June 15, 2013
Perspectives on National Security and the War on Terror
Dawn JohnsenWalter W. Foskett Professor of Law, Indiana University Maurer School of Law; Member, ACS Board of Directors
John B. Bellinger, IIIPartner, Arnold & Porter LLP
David D. ColeProfessor of Law, Georgetown University Law Center
Jameel JafferDeputy Legal Director, American Civil Liberties Union
Martin S. LedermanAssociate Professor of Law, Georgetown University Law Center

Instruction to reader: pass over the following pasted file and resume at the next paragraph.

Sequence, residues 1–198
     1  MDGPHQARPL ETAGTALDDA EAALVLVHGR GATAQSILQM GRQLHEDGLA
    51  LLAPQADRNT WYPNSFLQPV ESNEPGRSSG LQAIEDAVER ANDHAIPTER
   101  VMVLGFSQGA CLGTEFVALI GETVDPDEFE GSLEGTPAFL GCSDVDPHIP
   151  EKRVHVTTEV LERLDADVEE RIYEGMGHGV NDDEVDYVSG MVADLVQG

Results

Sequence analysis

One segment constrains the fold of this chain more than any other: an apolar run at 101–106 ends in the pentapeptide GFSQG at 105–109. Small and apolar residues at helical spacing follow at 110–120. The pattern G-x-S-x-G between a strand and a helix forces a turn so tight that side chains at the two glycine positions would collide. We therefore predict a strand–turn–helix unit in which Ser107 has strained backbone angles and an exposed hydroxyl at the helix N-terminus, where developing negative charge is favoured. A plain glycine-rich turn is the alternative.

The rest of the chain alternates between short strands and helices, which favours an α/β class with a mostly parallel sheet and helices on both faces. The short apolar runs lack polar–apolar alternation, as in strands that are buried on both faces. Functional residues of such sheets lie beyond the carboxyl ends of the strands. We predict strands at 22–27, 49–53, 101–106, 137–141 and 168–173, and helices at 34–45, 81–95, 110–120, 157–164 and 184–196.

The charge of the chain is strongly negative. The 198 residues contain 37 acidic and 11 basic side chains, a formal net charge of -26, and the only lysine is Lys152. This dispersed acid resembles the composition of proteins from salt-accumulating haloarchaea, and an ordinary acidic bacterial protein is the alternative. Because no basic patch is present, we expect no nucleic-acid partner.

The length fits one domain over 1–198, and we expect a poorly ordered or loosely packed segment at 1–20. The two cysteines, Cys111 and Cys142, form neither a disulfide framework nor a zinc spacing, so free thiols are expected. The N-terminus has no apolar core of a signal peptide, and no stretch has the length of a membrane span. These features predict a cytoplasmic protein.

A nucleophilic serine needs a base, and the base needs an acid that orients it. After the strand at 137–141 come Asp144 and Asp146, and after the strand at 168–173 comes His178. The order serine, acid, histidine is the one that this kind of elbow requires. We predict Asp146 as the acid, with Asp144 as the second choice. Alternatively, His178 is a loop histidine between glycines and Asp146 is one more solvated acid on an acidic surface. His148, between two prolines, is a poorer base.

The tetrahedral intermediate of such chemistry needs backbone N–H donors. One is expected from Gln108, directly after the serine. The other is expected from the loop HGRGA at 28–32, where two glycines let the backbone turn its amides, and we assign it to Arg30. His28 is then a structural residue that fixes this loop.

The past two administrations, led by President Barack Obama and President George W. Bush, have overseen responses to the largest domestic terrorist attack in U.S. history, the beginning and imminent end of wars in Iraq and Afghanistan, the development of laws supporting non-Article III military commissions, the rise and dismantling of terrorist networks, and the evolution of various forms of warfare. There is much debate surrounding how these administrations may have differed or aligned in their interpretation of the Constitution when formulating national security policy in this area. How have the two administrations differed in their interpretation of executive power and effectuating policies to fight the war on terror? How has the Obama administration justified actions relating to the War Powers Act, military commissions, Authorization for Use of Military Force, and drone warfare? Finally, what is the progressive vision for national security policy, and how might that comport with and differ from this administration’s current policies?